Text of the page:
Another journalist killed in Mexico makes six in one-month span

Journalist Marcio Antonio Ávila García (left) was kidnapped from the car wash (right) in Ciudad Obregón on May 17. His body was found on May 18. Photo: El Diario de Sonora

05/22/12 – On Friday, May 18, journalist Marco Antonio Ávila García became the sixth member of the media killed in the past month in Mexico, a staggeringly high number in such a short period of time. Ávila García’s body was found in a plastic bag just outside the city of Empalme, Sonora, a day after witnesses reported he was kidnapped by three masked gunmen at a car wash in Ciudad Obregón. Authorities said that a message from the perpetrators accompanied the body, though they did not say what the text read. Ávila García (39) was a reporter at newspaper outlets El Regional de Sonora and Diario Sonora de la Tarde, where he specifically covered organized crime and police beats. He was married with three young children.

While authorities investigate the murder, media networks and colleagues of the slain journalist have protested his death and demanded that the perpetrators be brought to justice. Since Friday’s discovery, members of the Sonoran Group of Journalists (Foro Sonorense de Periodistas) have worn black ribbons or ties in his honor and as a sign of mourning for their friend and co-worker. “It’s black for the pain of losing a colleague, but also because it’s the color that represents the stain or shadow cast on our ability to fulfill our work as journalists,” explained the group. Others continue to call attention to the very high levels of impunity that criminals face in Mexico, and demand that authorities not allow yet another case to slip away unpunished.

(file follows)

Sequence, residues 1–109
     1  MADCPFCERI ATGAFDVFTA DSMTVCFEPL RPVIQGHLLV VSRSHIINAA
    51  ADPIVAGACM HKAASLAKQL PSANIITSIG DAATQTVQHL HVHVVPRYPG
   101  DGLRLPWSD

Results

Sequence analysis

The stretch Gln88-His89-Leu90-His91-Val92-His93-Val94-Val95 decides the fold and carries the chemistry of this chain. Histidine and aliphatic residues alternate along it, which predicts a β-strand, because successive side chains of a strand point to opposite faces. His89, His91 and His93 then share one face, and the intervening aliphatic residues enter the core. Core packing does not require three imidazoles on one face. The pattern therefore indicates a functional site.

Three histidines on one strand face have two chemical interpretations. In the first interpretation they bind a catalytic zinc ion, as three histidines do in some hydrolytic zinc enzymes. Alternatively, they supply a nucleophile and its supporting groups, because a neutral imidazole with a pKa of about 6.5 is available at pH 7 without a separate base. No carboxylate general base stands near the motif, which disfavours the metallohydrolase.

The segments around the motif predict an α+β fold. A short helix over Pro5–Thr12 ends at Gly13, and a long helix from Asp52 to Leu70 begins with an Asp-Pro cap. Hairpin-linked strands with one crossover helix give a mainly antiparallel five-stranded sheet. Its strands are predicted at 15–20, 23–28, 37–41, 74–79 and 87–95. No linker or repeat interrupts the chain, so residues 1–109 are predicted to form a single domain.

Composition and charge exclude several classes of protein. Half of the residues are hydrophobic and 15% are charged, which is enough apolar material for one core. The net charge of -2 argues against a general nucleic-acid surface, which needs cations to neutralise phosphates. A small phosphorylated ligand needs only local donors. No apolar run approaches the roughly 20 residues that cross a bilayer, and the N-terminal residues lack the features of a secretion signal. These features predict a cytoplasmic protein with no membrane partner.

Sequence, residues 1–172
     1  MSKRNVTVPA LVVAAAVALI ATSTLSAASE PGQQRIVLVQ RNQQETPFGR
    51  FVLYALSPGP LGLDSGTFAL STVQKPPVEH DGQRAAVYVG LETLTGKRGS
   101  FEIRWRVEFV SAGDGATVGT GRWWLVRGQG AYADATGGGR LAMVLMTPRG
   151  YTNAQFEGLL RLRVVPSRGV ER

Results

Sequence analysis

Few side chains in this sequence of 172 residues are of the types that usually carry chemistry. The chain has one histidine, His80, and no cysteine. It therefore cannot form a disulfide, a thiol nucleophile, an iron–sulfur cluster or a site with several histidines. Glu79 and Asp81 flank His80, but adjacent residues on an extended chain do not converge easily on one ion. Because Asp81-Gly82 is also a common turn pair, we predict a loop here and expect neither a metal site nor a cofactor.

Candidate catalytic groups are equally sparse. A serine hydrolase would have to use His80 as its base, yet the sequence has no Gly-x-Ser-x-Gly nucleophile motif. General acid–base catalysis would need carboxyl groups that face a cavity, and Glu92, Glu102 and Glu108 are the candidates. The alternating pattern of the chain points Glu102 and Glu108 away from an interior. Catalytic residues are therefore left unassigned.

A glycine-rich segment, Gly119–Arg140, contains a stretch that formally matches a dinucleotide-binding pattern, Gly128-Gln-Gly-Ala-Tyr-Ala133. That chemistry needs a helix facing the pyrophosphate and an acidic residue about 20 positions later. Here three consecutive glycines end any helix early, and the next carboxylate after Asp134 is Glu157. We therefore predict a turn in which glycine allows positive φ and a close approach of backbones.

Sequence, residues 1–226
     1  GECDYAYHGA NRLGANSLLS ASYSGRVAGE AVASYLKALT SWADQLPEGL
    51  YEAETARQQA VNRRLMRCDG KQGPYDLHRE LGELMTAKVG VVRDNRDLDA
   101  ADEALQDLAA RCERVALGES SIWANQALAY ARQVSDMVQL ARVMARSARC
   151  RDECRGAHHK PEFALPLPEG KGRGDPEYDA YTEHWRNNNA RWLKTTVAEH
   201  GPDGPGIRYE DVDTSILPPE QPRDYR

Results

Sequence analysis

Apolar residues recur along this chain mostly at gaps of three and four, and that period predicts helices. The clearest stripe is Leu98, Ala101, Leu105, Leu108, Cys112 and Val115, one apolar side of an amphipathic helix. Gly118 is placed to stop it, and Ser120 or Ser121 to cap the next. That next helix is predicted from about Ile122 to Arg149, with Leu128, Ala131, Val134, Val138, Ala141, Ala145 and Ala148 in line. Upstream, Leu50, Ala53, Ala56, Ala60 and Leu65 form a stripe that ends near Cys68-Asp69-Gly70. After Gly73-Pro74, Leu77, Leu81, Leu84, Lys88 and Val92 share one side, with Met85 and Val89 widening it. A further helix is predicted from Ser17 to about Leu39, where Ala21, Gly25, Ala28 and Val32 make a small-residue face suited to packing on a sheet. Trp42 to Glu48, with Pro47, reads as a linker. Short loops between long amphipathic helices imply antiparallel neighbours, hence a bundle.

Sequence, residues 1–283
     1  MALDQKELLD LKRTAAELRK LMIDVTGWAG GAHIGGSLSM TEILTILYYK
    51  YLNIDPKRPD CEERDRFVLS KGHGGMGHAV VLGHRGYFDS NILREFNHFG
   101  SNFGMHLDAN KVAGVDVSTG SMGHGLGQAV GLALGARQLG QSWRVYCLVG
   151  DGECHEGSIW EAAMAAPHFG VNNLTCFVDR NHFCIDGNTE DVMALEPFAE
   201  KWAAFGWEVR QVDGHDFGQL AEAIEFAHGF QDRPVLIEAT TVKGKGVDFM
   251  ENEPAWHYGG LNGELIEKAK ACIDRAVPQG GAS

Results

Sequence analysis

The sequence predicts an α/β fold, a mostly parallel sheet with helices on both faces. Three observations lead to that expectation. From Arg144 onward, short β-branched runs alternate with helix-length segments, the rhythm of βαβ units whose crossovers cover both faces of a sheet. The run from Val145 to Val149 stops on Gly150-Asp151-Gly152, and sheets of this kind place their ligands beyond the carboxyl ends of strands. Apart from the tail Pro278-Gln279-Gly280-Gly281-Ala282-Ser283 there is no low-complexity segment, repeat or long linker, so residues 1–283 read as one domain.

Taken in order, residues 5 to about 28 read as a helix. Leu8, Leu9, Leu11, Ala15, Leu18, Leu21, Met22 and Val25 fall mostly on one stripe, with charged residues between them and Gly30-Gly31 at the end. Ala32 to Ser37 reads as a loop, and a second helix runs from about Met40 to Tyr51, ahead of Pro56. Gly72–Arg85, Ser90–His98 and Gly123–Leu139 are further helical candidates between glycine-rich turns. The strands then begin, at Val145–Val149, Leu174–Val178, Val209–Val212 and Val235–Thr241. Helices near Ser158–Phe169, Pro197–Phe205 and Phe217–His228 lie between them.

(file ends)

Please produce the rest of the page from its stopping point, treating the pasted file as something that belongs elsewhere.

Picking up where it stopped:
Ávila García’s death makes him the seventh journalist killed in Mexico in 2012 alone. The country is known to be one of the most dangerous places in the world for members of the media to work, and despite some governmental efforts to better protect journalists, such as the approved amendment in March that made crimes against media a federal offense, the numbers continue to increase. Consequently, some news outlets turn to self-censorship to avoid being targets of future violence, like how El Mañana in Tamaulipas recently announced that it would no longer publish stories on organized crime after its offices were hit with grenades and bullets on May 11. To read more about the recent string of violence against journalists in Mexico, click here.

Sources:

Camacho, Fernando. “Encuentran cadáver de un reportero plagiado ayer en Sonora.” La Jornada. May 18, 2012.

Associated Press. “Kidnapped reporter found dead in Mexico.” The Guardian. May 19, 2012.

Notimex. “Periodistas de Hermosillo protestan con moños negros.” El Universal. May 22, 2012.

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